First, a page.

High salary no substitute for political leadership in Gardai
The Labour Party Leader, Brendan Howlin, has questioned the Government decision to potentially offer the new Garda Commission a salary of in excess of €250,000.
Deputy Howlin said:
“The idea that our problems with An Garda Síochána have their roots in the pay of the Commissioner is a convenient cop out for successive Ministers for Justice.
“For my own part I was centrally involved in issues of accountability and behaviour that date back 20 years. This problem has been endemic.
“I think the idea that paying somebody a salary 25% higher than the Taoiseach is a panacea for our problems with the Gardaí is naïve in the extreme.
“This decision will have profound implications for public pay policy.
“At the heart of the problem involving the Gardaí was the inability and unwillingness of Ministers for Justice and the Department of Justice to demand accountability and best practice.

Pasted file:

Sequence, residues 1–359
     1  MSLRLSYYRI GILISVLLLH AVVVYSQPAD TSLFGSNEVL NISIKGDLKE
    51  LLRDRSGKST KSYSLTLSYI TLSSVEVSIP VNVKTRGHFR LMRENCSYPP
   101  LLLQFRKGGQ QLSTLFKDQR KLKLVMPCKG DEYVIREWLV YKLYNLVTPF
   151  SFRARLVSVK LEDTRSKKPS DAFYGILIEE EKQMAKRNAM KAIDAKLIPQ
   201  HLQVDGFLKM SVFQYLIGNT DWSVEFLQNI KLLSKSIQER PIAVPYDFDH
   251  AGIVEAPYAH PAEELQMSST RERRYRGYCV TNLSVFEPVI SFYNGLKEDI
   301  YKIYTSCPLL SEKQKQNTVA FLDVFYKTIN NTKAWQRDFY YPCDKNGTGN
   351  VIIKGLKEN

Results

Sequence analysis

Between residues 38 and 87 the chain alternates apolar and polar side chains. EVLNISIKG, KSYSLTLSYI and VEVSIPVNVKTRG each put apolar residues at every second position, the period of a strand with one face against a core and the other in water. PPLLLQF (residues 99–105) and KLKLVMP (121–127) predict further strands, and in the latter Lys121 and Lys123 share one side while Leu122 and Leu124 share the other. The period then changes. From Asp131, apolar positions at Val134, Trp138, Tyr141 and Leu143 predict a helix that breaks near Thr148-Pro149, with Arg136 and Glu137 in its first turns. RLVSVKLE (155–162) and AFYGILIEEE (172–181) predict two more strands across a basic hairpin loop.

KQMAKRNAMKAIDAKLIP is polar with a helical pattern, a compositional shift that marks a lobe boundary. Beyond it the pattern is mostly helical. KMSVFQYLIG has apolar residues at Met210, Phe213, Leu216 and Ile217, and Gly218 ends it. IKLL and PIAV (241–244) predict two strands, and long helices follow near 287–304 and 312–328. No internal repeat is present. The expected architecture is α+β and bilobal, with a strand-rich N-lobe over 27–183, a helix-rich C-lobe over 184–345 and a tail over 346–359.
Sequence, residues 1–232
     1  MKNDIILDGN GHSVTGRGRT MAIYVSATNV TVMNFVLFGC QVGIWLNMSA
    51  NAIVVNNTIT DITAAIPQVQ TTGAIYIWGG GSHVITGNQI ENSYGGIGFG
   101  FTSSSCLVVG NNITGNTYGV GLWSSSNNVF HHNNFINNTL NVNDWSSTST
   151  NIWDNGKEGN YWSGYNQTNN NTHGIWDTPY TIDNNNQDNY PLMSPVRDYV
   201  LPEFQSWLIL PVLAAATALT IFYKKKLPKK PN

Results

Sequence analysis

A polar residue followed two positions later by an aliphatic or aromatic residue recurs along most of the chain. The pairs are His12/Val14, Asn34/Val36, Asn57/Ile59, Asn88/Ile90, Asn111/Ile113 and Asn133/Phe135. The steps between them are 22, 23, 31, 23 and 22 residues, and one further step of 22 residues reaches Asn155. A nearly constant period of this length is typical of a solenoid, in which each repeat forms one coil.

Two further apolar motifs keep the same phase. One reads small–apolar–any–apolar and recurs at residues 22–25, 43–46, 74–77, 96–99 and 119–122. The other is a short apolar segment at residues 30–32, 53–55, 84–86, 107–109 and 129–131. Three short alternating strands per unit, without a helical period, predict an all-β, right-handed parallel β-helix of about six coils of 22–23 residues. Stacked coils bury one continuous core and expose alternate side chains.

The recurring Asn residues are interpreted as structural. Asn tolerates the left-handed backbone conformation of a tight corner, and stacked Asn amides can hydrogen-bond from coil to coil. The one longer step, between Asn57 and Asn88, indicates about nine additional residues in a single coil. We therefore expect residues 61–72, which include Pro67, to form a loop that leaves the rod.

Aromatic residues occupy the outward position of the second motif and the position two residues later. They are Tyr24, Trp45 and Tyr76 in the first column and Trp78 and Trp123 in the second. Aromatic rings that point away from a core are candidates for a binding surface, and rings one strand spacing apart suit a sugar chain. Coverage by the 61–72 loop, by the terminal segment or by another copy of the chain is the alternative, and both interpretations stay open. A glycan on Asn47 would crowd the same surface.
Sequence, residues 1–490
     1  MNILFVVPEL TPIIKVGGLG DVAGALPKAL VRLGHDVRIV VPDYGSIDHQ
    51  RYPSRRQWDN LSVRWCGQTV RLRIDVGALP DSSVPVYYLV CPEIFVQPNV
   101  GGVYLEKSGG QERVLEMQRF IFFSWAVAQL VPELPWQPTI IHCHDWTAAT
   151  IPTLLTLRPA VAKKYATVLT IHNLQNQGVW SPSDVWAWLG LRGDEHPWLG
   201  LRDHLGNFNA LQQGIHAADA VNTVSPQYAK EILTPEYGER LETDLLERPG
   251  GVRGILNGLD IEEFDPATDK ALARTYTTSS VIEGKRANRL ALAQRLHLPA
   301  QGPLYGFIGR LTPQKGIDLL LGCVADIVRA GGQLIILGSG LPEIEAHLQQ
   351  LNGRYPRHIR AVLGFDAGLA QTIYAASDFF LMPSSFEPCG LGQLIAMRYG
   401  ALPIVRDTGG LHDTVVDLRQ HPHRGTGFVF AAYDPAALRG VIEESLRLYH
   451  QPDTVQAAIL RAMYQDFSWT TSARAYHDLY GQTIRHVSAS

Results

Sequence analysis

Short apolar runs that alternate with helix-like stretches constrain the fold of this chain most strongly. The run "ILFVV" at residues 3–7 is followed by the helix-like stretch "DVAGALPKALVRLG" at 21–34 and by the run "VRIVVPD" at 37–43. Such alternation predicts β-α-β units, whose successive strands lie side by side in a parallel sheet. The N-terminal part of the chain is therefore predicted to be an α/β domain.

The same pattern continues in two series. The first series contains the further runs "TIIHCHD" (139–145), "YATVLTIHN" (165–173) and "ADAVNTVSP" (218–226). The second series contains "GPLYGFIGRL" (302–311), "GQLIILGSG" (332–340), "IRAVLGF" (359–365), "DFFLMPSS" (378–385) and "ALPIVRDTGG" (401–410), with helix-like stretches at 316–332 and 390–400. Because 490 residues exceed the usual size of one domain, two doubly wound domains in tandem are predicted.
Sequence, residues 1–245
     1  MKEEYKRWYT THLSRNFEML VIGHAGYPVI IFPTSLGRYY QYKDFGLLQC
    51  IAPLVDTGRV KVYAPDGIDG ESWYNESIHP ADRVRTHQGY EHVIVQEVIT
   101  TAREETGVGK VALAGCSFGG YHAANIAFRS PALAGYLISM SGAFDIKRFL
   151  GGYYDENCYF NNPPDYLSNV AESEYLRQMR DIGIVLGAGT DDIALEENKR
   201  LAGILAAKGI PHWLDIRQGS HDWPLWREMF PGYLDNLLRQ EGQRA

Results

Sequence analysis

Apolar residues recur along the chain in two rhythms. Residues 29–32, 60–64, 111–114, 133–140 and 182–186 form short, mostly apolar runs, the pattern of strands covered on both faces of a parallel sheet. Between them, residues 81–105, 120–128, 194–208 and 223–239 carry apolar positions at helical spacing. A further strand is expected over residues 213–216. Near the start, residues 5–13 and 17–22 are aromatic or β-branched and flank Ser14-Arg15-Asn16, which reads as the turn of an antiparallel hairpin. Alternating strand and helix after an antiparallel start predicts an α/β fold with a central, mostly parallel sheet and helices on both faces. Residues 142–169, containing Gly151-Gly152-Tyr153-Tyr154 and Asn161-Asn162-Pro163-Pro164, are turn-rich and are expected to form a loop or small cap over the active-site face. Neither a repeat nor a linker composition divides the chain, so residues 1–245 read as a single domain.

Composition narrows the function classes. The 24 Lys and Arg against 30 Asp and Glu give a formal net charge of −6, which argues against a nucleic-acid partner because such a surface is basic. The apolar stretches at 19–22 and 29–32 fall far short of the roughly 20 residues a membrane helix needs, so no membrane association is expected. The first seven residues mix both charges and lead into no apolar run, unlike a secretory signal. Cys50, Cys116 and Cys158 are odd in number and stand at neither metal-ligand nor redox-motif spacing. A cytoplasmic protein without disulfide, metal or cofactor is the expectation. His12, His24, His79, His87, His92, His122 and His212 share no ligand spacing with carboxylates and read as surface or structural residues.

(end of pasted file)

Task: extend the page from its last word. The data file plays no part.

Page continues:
“Rather both served as effective apologists for the force when it was challenged. For me the walking away from the Garda Inspectorate report commissioned under the HRA was the proof of this.
“One of the reasons the Gardaí have not lived up to expectations is because the political system set those expectations too low.
“The establishment of the Policing Authority, at Labour’s insistence not Fine Gael’s plan as they often falsely allude, constitutes the first fundamental change in Garda accountability in the state’s history.
“We were at least able to fill the Commissioners job at the last chance of offering. We were not able to fill the Secretary General’s job in the Department of Justice.
“Should we now proceed to recruit here at €250,000 too and again pay the recipient 25% more than his counterparts in Taoiseach’s, Finance and other Departments?
“The idea that this move will not put upward pressure on public service pay at the upper level is a nonsense. It will do nothing else.
“And it will be entirely inevitable, as we’ve already seen in the health sector, if trade unions seek to bridge the gap between management and workers in response.”